Economists' Outlook

Housing stats and analysis from NAR's research experts.

Housing Characteristics for Homeowners in Blue and Red States

With less than three weeks to go, let’s take a look at housing preferences of homeowners based on their political beliefs.  Historically, there are states whose residents predominantly vote for Democratic Party (Blue) or Republican Party (Red) presidential candidates[1]. Do homeowners in those states have more in common than their political preferences?

In addition to the homeownership rate[2], we examined the following housing characteristics for homeowners who reside in Blue and Red states:

  • Median home value,
  • Median Household Income (inflation-adjusted)
  • Household size,
  • Years of owing their home,
  • Year structure built,
  • Number of rooms,
  • Heating Fuel

Blue States:

It looks like traditional Democratic states don’t have many similarities on the housing characteristics above. We should bear in mind that Blue states are mostly located in coastal areas. It could be their widespread geographical location that makes homeowners so different.  First of all, the homeownership rate and home values have significant differences in Blue states. For instance, the homeownership rate in Maine and Delaware was 71 percent in 2015 while New York had 53 percent. Similarly, the value of a typical home in Hawaii was $566,900 while it was $137,500 in Michigan[3]. With respect to how many people reside in their homes, the differences are not so drastic. With the exception of Hawaii and California, more than half of Blue states had a household size in the range of 2.6-2.7. Moreover, homeowners in most Blue states tend to have lived in their residence for 14-15 years while more than 50 percent of the homeowners use utility gas and less than 10 percent of them use electricity for heating. In Maine, Connecticut and Vermont, most homeowners use fuel oil, kerosene etc. for heating.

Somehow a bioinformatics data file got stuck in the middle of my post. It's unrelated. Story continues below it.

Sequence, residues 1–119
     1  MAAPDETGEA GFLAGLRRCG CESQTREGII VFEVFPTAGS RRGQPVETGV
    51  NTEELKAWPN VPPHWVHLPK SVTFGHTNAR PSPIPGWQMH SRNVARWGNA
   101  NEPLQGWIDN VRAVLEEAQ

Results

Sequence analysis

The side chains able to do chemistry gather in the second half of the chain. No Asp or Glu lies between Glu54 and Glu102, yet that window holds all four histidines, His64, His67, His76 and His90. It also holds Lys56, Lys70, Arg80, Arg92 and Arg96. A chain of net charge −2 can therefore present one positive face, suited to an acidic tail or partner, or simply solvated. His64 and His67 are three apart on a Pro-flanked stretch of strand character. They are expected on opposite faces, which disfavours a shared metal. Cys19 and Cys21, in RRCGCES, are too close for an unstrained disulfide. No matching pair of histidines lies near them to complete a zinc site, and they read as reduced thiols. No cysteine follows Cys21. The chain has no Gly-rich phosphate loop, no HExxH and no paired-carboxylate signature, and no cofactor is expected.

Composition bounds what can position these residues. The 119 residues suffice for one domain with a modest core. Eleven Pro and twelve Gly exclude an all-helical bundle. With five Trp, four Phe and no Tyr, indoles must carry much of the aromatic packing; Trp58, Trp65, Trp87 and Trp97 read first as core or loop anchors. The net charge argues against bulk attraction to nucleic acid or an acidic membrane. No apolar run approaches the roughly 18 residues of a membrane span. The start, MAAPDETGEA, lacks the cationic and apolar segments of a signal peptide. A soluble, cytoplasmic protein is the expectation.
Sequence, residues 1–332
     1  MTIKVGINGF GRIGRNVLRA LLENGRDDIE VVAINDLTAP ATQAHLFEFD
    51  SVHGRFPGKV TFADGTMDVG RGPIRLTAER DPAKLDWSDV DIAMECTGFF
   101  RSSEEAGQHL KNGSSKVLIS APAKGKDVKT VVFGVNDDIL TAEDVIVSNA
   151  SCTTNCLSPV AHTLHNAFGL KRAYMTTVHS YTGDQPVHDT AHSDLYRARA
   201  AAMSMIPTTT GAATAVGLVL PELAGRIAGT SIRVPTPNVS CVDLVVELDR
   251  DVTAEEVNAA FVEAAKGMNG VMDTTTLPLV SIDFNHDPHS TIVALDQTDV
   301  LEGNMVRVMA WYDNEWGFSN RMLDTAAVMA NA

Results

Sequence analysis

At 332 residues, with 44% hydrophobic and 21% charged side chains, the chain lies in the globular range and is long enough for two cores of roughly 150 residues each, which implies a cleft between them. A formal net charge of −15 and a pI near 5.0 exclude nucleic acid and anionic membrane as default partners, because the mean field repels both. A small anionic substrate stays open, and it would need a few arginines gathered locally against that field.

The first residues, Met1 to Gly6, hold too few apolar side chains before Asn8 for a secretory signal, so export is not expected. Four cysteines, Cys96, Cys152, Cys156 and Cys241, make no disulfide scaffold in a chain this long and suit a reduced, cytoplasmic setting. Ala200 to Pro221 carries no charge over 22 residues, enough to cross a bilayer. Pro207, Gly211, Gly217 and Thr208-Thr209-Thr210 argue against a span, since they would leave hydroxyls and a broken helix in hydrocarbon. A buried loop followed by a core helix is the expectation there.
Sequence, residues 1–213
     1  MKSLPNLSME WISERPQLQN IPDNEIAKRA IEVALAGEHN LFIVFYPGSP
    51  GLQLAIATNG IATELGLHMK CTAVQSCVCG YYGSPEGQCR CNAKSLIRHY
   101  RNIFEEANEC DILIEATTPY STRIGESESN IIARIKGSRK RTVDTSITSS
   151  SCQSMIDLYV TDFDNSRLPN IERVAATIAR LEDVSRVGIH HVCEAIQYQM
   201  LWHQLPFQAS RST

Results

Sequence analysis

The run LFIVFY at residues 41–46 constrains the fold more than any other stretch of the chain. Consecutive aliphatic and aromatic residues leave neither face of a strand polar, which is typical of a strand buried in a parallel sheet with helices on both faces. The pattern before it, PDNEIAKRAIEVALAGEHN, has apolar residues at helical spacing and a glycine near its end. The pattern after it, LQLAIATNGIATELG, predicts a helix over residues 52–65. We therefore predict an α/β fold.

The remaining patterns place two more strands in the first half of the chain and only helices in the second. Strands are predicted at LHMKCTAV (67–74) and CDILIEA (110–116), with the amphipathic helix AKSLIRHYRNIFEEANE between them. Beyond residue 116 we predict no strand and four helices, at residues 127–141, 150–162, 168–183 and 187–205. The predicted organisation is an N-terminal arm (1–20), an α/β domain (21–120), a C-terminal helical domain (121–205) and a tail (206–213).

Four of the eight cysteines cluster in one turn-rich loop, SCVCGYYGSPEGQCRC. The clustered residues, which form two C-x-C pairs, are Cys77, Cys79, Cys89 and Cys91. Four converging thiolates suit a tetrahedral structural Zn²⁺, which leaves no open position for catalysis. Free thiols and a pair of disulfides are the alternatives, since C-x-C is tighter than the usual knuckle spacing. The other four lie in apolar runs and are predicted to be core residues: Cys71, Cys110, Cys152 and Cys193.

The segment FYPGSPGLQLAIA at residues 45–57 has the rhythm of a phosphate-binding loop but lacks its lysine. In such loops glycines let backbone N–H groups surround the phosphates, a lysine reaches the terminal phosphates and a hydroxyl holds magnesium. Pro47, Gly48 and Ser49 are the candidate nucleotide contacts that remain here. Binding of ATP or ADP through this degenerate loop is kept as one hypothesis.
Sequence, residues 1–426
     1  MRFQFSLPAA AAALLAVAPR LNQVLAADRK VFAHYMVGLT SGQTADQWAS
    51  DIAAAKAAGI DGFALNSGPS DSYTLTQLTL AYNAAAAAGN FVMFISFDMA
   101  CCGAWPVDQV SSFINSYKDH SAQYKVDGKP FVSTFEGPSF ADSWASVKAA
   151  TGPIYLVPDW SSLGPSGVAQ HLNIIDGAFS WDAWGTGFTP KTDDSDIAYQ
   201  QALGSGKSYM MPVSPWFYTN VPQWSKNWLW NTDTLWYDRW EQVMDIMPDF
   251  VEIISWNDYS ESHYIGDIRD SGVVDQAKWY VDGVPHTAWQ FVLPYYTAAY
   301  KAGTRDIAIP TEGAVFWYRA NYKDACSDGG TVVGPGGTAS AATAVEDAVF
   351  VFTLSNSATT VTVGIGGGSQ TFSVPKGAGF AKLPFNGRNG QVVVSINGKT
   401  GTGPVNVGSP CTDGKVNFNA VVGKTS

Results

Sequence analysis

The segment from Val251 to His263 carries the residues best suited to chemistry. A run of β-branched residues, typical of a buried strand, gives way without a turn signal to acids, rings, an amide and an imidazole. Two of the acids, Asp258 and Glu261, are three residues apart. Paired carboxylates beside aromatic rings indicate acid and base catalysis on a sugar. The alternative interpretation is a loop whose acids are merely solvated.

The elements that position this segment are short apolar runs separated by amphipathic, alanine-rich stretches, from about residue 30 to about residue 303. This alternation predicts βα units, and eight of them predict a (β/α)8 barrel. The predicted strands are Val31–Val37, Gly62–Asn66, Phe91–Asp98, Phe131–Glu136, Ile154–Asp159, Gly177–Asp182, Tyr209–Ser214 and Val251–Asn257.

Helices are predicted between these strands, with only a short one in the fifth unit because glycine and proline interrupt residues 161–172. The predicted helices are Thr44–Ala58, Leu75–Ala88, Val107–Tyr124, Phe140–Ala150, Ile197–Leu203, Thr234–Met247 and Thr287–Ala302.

Red States:

Homeowners who live in the traditional Republican states seem to have more similarities in their housing preferences than those of Blue states. With the exception of Texas and North Dakota[4], the homeownership rate varies from 64 to 69 percent for Red states and home values do not differ as greatly as in Blue states. Specifically, the highest value for a typical home in red states was $259,600 in Alaska while the lowest value was $112,700 in Mississippi. Furthermore, homeowners in most of those states own a house built in the decade of 1980s[5] where they typically live for 12-13 years. Lastly, in most Red states, more than 50 percent of homeowners use utility gas for heating.

Finally, comparing homeowners of Blue and Red states, it seems that they don’t have significant differences, among the characteristics examined here, other than home values and median household income. The visualization below shows the median housing characteristics for both Blue and Red states (2005-2015).

[1] The Blue and Red breakdowns used are based on results from the past 6 presidential elections (1992-2012). States that voted for the Democratic presidential candidate in all six elections are deemed “Blue” while states that voted for the Republican presidential candidate in all six elections are deemed “Red.”

[2] It was also examined the homeownership rate for Millennials (25-34 years old). Please take a look at the visualization above.

[3] All data used is from the 2015 American Community Survey published by the Bureau of the Census.

[4] Homeownership rate in Texas and North Dakota was 61 and 62 percent accordingly.

[5] Homeowners in Red states own newer houses than a typical homeowner nationwide (median year structure built is 1978 for the U.S.). Seven out of ten owner-occupied houses in Red states were built more recently than the typical house in the U.S.

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